Wednesday, November 12, 2008

An Oklahoma Road Trip: Chicken Soup and Apple Pie

On a trip through Oklahoma, I was reminded again how deliciously satisfying homemade food can be in restaurants off the beaten path.

We had traveled north from Tulsa, stopping in Pawhuska to visit Ryan Red Corn whose t-shirt company Demockratees is an internet sensation.

Ryan's politically savvy t-shirt designs speak to his reaction to the Bush administration's policies. With Barack Obama's election, Ryan has the opportunity to use his considerable talent to create more inspirational designs.

For breakfast Ryan and his dad, Raymond, took us to a local institution, Sally's Cafe. With a long counter out front and an over-sized table behind the kitchen, Sally's is an authentic diner from the 1930's.

Sitting at a table in the back where Sally was making pies, we had a country breakfast that was as good as it gets; farm fresh eggs, potatoes browned in butter, and home cured ham that was a perfect balance of sweet and salty. For dessert we had a piece of Sally's fresh apple pie, the crust perfectly flaky, the apples soft and tart with just a hint of cinnamon.

Heading south-west, we drove to Pawnee on our way back to Tulsa, passing through countryside that varied from open pasture land to starkly beautiful, wooded hill country. After the long drive we were definitely ready for a big lunch.

Just off Highway 64 in Pawnee, we stopped at Click's Steakhouse. Soup and salad were included in the lunch specials. Everything we ordered (steak, baked potatoes, fried okra, and a hamburger steak) was good, but the homemade soup revived us after so many hours on the road. I couldn't get Click's recipe so I'm offering up my own that adheres to Click's reliance on fresh ingredients.

Chicken Soup With Mushrooms & Rice

Yield: 4 servings
Time: 30 minutes


6 cups chicken stock (preferably homemade)
1/2 cup cooked rice (wild, Japanese, or Chinese)
1/2 cup brown mushrooms (washed, thinly sliced)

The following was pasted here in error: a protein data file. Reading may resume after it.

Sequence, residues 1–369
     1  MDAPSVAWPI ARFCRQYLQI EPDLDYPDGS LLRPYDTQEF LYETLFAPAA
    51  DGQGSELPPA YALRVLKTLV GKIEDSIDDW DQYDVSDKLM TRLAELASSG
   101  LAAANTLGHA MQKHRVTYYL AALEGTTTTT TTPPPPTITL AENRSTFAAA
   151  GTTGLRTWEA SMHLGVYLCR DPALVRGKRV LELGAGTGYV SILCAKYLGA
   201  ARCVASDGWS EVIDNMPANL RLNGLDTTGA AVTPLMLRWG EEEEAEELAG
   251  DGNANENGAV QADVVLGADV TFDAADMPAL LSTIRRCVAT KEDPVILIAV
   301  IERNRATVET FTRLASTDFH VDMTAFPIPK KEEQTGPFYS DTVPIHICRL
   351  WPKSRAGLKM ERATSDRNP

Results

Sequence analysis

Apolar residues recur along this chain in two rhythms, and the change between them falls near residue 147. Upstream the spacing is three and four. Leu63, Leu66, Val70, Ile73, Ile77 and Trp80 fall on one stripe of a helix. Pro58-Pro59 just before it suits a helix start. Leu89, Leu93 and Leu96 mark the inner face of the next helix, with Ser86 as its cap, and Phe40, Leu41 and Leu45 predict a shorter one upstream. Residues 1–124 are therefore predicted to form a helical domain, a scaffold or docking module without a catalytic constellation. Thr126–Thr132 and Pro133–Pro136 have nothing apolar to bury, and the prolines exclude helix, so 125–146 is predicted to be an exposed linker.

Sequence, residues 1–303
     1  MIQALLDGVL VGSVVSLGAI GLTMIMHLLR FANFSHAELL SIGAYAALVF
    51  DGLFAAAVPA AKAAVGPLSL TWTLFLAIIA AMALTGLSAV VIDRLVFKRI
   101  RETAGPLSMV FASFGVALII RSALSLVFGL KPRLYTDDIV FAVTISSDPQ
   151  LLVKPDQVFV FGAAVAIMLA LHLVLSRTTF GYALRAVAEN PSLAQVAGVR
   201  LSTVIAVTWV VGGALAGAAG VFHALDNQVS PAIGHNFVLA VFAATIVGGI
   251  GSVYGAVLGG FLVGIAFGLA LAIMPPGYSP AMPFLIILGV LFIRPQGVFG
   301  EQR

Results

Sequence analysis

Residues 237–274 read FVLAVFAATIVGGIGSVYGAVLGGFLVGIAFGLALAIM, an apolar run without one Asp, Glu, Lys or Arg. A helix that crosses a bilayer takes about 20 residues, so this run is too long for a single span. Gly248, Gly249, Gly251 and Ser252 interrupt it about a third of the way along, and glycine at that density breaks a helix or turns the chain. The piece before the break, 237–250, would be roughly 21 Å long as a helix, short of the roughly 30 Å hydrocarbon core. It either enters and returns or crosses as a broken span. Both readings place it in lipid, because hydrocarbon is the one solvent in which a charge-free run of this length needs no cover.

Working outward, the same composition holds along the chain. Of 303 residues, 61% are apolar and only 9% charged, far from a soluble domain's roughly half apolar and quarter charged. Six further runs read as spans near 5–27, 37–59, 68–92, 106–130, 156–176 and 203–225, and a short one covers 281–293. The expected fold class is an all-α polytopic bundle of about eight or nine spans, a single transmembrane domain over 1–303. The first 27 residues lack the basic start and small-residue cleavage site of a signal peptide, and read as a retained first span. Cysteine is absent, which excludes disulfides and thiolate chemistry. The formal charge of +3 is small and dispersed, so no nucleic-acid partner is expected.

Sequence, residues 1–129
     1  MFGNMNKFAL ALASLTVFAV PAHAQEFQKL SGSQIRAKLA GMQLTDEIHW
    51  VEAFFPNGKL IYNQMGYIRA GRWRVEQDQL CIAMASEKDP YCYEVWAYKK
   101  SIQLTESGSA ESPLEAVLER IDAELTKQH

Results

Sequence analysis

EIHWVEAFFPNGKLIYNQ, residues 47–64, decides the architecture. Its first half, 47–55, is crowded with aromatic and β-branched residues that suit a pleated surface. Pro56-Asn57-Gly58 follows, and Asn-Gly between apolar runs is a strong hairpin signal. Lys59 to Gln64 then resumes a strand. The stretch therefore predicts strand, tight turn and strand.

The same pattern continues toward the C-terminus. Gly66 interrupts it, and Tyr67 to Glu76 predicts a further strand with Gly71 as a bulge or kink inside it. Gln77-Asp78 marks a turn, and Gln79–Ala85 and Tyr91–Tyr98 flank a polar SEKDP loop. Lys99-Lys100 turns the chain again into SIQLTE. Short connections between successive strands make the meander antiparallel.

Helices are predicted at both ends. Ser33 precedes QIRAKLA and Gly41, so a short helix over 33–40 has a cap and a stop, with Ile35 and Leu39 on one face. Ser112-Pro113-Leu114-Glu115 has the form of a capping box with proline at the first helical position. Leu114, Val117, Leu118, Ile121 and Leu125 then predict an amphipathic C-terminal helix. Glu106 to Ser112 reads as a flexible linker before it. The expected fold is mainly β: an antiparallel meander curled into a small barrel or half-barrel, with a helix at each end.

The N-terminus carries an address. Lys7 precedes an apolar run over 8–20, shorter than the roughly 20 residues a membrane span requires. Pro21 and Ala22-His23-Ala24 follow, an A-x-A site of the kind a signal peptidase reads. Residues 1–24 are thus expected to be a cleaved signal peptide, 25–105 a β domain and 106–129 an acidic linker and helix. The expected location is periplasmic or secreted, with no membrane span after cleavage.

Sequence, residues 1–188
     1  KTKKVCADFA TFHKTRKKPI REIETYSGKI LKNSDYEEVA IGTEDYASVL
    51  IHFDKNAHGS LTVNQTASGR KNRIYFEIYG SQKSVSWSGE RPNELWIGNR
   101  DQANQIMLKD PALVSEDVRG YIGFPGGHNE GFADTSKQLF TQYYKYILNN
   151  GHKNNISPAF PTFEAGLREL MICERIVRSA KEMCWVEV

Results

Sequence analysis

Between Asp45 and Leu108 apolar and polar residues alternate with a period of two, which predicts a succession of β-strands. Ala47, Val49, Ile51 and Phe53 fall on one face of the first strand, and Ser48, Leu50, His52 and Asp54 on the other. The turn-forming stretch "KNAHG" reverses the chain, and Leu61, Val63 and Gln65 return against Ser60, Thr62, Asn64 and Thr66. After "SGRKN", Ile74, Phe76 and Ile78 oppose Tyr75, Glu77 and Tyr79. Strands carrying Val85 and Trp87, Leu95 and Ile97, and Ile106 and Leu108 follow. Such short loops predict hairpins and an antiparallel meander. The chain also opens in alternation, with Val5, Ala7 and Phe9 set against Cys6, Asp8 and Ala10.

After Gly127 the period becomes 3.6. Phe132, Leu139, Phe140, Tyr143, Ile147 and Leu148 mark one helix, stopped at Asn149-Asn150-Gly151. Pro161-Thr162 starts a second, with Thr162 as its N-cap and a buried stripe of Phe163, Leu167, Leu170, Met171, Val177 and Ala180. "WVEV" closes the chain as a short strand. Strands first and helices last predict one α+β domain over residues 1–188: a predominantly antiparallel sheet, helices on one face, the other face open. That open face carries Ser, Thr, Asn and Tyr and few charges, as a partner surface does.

1/2 cup cooked chicken breast (shredded into bite sized pieces)
1/4 cup celery (washed, finely diced)
1/4 cup yellow onion (washed, peeled, finely diced)
1 tablespoon Italian parsley (washed, leaves only, finely chopped)
1 teaspoon olive oil
Sea salt and pepper


Heat the olive oil and lightly brown the mushrooms, celery, onions, and parsley. Add the chicken breast and stock. Simmer for 15 minutes, taste and adjust the seasoning with sea salt and pepper.

Before serving, add the rice and simmer for 10 minutes. Serve with bread, rolls, or croutons.

Tuesday, November 11, 2008

Lo-Cal Breaded Fish Fillets

Growing up, "breaded" meant deep fried and slathered with batter. I didn't really like the thick coating but I loved the crunch. Years later I stumbled on a technique that sautes instead of deep fries and avoids batter, adding crispness without the heft (the technique works for fish and chicken breasts as well).

Breaded Fish Fillets

At the Palisades Farmers' Market we have fresh fish every Sunday. The sole works well for this technique but any white fish fillet would be delicious. By cutting the fillets into 2"-3" pieces, the fish is easier to handle.

Yield: 4 servings
Time: 20 minutes


1 pound fresh fillet (preferably a white fish)
1/4 cup bread crumbs
1/4 cup olive oil
Sea salt and pepper


Wash, pat dry, and cut into pieces 2"-3" in length. On a large plate drizzle the olive oil and season with sea salt and pepper. On a second large plate sprinkle the bread crumbs. To coat each piece of fish on all sides, dredge the fillets first through the seasoned oil, then through the bread crumbs and set aside until you've breaded all the pieces.

Spatula the remaining seasoned olive oil into a large frying pan and heat over a medium flame. Add all the pieces and cook until each side is lightly browned, about 5 minutes on each side.

Serve with a salad or a side dish of sauteed vegetables (garlic spinach, broccoli and carrots, or tomatoes, parsley and onions) and a topping of capers in a butter sauce.

Monday, November 10, 2008

When Fun Was 90 Proof

A dear friend, Valerie Peterson, has published her second book and just in time for the holidays. Her first book extolled the virtues of cookies and gave detailed directions on the care and baking of the most imaginative cookies I've ever seen.

Now she has turned her sights on holiday drinks. She has written a funny, nostalgic handbook of holiday drinks called Peterson's Holiday Helper. Each drink has specific instructions with photographs that recall a more settled time.

I recommend her book to anyone who wants to discover a new favorite drink or as a stocking-stuffer gift for the holidays. Peterson's Holiday Helper is a keeper.

Pickle Me Up! It's Thanksgiving!

Pickles are delicious anytime of the year. For Thanksgiving they are especially good. Their crunch and acidity counterbalances the delicious...